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Department of Mechanical, Materials & Manufacturing Engineering

Material Models and Modes of Failure MM4MMM

Convenor: Wei Sun (Coates Building B68, w.sun@nottingham.ac.uk)

CREEP 1
Creep is the time-dependent deformation which occurs at elevated temperature
when materials are subjected to stress.
Most engineering components are designed on the basis that strength has a constant
value for a particular material, and that the strain is instantaneous and remains
constant with time on the application of a given load. As operating temperature
increases, the tensile properties (ultimate tensile strength and yield strength)
generally decrease but strain continues to be essentially instantaneous when load is
applied. At higher temperatures materials show an additional strain the creep strain
- which gradually increases with time even under constant load. Ultimately, the creep
deformation will lead to fracture of the component. A related phenomenon is stress
relaxation. This is the reduction in load which occurs with time when the strain of
certain components is kept constant. An example is bolts holding together high
temperature components which need to be periodically retightened because of load
relaxation.
Main engineering areas where creep can be significant are fossil-fuel and nuclear
power plant (boilers, pipework and steam turbines), chemical plant, and aero-engines.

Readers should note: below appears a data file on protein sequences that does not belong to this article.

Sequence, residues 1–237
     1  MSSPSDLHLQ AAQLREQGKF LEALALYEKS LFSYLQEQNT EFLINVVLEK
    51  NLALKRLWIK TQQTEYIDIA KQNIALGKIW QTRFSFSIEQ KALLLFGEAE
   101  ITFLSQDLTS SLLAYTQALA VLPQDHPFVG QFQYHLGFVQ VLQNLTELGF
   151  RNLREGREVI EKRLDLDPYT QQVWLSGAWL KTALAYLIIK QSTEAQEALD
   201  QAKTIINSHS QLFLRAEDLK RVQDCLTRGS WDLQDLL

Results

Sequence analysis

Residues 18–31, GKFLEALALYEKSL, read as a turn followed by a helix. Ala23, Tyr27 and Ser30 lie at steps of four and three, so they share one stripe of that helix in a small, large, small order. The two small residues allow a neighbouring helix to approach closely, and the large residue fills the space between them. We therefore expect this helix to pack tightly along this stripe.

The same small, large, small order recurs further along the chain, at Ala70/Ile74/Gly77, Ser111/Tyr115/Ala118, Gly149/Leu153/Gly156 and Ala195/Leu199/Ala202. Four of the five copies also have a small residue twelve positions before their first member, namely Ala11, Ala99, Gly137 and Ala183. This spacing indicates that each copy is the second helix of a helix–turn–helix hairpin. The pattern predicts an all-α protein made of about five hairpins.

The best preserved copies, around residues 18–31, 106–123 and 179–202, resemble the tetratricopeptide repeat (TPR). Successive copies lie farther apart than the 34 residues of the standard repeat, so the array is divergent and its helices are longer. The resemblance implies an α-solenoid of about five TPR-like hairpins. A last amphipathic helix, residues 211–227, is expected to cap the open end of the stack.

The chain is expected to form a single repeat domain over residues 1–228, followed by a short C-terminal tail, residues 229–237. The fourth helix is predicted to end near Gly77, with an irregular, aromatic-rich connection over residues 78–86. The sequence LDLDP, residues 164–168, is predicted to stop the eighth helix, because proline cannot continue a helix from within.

Since thermodynamic efficiencies increase with increasing temperature, technological
advances in these and other areas often involve higher operating temperatures.
Furthermore, operating lifetimes are continually being increased. Detailed knowledge
of creep behaviour is therefore essential for safe and economic design of critical
components and structures.
Comparison of metals
Creep behaviour is categorised according to the temperature relative to the melting
point of a metal: Th = T / Tm (in K) - the homologous temperature.
Material

Melting temp, Tm
C

0.3 TmC

0.5 TmC

Th (=T/Tm) achieved
in alloys

lead (Pb)

320

600

- 93

27

aluminium (Al)

660

933

194

copper (Cu)

1083

1356

134

405

steels

~1400

~1673

229

564

0.47 (ferritic steel at 575C)

stainless steels

~1450

~1723

244

589

0.57 (austenitic steel at 750C)

nickel (Ni)

1453

1726

245

590

0.74 (Nimonic 115 at 980C)

titanium (Ti)

1668

1941

309

698

~0.4

0.56 (RR58 at 250C)

50

tungsten (W)

3380

3653

823

1554

0.76 (light filament at 2500C)

Different metals have similar creep characteristics when tested at the same Th.
general, creep deformation is not significant at temperatures below ~0.3 Tm.

In

Plastics also exhibit creep, which may be significant at ambient temperatures. Creep
of plastics is not covered in this module.
Types of creep failures
excessive deformation - pipework, gas or steam turbine blades;
creep buckling - deformation under compressive load;
creep cracking - pipework and pipework welds;
creep rupture - rupture of tungsten filament in an incandescent light bulb;
interactions - between creep and fatigue;